The game’s UI (user interface) is acknowledged as being well-known as complex even within CCP. Former lead game designer Kristoffer Touborg, now at Riot games, is alleged as having once said of the UI, “”Welcome to Eve Online. Here’s a Rubik’s cube, go fuck yourself.”
Planetary Interaction is perhaps one of the best examples of the complexity of the game. PI has been pretty ungainly since its inception, and while the early pass at reducing that complexity certainly made things more functionally bearable, the overall system suffers from a low threshold for skills-based entry, but a high requirement for attention, energy, focus, and upkeep on the part of the player respective to initial setup and ongoing changes.
The EVE University wiki (Uniwiki) page for Planetary Interaction lands at almost seven thousand words – all by itself – without counting the jump-offs to specific wiki subpages and resources such as guides, skill reviews, schemas, and YouTube tutorials. I myself have released a couple of tutorial videos for PI, and used to teach it during my short tenure with EVE University. I have made everything from Nanite Repair Paste to Wetware Mainframes to Fuel Blocks.
The benefit from PI comes from the fact that its products are required elements for consummables (such as the aforementioned fuel blocks and nanite paste), deployables such as MTUs and Mobile Depots, and components for T2 ship and module production. With the addition and proliferation of Upwell Structures the demand for PI has gone through the roof; which in turn means that PI is a very lucrative pursuit if you can find steady buyers at market and can stomach the setup.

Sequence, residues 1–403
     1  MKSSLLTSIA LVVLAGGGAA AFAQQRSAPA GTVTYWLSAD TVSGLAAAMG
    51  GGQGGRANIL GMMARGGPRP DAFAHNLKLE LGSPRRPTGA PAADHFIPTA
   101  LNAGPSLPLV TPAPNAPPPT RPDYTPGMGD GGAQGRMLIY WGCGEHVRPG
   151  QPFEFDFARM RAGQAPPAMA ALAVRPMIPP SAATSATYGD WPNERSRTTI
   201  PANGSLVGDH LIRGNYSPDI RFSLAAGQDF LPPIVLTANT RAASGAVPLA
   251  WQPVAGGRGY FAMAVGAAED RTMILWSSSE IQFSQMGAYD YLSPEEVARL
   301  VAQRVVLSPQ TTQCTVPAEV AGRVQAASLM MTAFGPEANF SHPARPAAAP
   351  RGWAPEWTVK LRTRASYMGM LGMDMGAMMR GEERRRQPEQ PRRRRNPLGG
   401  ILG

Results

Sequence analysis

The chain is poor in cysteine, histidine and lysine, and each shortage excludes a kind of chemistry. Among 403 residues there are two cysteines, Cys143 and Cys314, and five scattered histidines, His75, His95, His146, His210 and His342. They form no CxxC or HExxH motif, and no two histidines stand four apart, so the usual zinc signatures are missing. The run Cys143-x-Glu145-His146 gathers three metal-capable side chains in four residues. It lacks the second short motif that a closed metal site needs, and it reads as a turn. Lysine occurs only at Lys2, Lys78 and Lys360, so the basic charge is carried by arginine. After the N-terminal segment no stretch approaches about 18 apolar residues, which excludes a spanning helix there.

The good news is, if you learn how to do PI and you maintain it with even passing interest you will make money. You can make very, very large sums of ISK doing PI. I know several people who PLEX their accounts strictly from the proceeds of their PI arrays. Though, that said, the pursuit of PI as a career falls squarely into the category of, “TL;DR” for a lot of players and the number of players who’ve tried PI and given up on it probably shares a strong correlation with the retention rates of multi-level marketing organizations.
The Cost of Doing Business
Therein lies the rub. The PI system is a foundation industry in EVE Online; it is the cost of doing business. Because it’s required there will always be a need for the products of PI. Though as it is overly complex and it can be a struggle for some (or many) to maintain the endurance to become truly profitable and efficient, supply tends to remain moderate or low enough to keep prices high.